Chromium (CR) exposure is hazardous because it has the potential to cause cancer. Among the most common industrial metals is chromium, and it is believed that a million employees worldwide are exposed to chromium compounds in various sectors, including leather tanning, stainless steel welding, chrome plating, and pigment manufacture. Furthermore, it’s a prominent pollutant at a variety of hazardous garbage sites across the globe.

Moreover, chromium affects the respiratory system, resulting in eye and skin damage. Spray painters and welders are usually exposed to chromium. Chromium (CR) exposure occurs mainly via inhalation, although it may also happen through ingestion. Dermal exposure might also occur, which means you could be exposed to chromium via your skin. Severe CR compound exposure is generally purposeful or accidental and is seldom environmental or occupational.


If a person has been exposed to acute and chronic levels of chromium, they may experience adverse health effects.

Acute poisoning is more likely to happen orally, but chronic poisoning is more likely to develop through skin contact or inhalation.

Acute Exposure

  • Acute multisystem organ problem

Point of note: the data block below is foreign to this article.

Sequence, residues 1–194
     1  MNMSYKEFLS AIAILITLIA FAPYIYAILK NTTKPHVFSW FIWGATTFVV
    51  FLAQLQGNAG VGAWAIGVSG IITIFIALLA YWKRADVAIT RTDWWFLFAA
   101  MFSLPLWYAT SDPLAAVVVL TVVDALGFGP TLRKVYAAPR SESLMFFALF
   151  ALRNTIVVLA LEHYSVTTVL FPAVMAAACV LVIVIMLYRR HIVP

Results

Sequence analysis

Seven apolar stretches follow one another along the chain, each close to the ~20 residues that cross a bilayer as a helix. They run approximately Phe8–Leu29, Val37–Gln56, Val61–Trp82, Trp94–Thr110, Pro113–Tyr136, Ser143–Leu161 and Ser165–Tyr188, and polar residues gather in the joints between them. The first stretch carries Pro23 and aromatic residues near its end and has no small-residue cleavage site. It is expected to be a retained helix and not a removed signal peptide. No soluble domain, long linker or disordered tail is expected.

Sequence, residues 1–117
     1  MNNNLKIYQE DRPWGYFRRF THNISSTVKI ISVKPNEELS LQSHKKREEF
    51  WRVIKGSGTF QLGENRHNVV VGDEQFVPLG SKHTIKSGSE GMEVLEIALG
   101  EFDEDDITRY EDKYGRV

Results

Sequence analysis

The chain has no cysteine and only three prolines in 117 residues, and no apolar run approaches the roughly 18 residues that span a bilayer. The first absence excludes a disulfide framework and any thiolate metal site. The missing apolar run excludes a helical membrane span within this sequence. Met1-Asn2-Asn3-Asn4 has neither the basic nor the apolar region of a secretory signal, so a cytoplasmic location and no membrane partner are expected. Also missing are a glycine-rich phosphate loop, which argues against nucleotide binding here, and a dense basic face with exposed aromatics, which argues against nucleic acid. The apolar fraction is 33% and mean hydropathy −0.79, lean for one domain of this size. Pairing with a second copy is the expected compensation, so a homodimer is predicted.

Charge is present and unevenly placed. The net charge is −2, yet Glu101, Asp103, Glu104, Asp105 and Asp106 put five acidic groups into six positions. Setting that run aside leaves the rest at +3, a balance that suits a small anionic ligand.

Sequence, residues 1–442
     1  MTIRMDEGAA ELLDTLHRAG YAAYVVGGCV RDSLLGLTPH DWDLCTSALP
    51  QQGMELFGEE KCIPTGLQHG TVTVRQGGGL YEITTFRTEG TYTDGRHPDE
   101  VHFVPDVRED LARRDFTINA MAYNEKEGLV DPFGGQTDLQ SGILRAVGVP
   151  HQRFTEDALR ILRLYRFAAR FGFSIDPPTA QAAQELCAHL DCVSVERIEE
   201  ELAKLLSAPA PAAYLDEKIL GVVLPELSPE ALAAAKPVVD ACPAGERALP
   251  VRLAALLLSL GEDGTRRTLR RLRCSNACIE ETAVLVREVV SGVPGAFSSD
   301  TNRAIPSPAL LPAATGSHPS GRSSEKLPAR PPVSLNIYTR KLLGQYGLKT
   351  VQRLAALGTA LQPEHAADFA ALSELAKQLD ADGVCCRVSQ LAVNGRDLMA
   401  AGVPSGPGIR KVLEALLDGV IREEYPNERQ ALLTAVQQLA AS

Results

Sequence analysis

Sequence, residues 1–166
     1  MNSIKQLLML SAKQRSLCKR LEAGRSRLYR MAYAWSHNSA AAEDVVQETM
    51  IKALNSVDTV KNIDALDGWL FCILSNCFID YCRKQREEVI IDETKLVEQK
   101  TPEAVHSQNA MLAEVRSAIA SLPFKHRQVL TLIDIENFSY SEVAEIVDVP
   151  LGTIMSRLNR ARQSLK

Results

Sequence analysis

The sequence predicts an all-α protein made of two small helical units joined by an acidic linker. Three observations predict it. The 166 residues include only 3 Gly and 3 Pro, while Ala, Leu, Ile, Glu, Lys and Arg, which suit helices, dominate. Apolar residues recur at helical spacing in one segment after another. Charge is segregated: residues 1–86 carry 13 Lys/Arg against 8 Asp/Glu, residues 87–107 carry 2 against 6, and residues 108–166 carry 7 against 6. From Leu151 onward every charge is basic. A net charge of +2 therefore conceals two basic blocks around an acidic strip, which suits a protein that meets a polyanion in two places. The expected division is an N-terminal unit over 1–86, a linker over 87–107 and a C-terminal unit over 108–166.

• Hepatic damage
  • Circulatory collapse
  • Intravascular hemolysis
  • Kidney failure
  • Toxic nephritis
  • Hemorrhagic diathesis
  • Muscle cramps
  • Fever
  • Vertigo
  • Diarrhea
  • Vomiting
  • Nausea
  • Epigastric pain
  • Corrosion and ulceration or intense gastrointestinal irritation

Chronic Exposure

Skin exposure to chromium dust regularly may result in the following:

  • Bronchitis
  • Rhinitis
  • Sinusitis
  • Lung cancer
  • Lesions (known as chrome ulcer holes or chrome holes)
  • Periodontitis
  • Gingivitis
  • Keratitis
  • Nasal ulcers and perforations
  • Mucous membrane and conjunctival irritation
  • Incapacitating eczematous dermatitis with edema


There will be indications of liver and kidney damage with chromium (CR) exposure. Spirometry might show a decrease in the FEV1:FVC ratio following acute irritating exposure or in employees with chromium-induced asthma. Patch testing may confirm skin allergies.

In determining Chromium (CR) exposure, the following tests must be performed:

  • Urinalysis
  • Creatinine and blood urea nitrogen
  • Serum glutamic-oxaloacetic transaminase or liver function tests, bilirubin or ALT
  • A complete blood count


Unfortunately, there is no recognized antidote for chromium (CR) exposure. Instead, physicians use symptomatic therapy to relieve pain and suffering. Your exposure will nearly entirely determine the time it takes you to recuperate.

In situations of low-dose chromium contact, the initial approach is to isolate the individual from additional exposure. The body will naturally dispose of excess chromium, which will swiftly halt the progression of symptoms like kidney damage and dermatitis.

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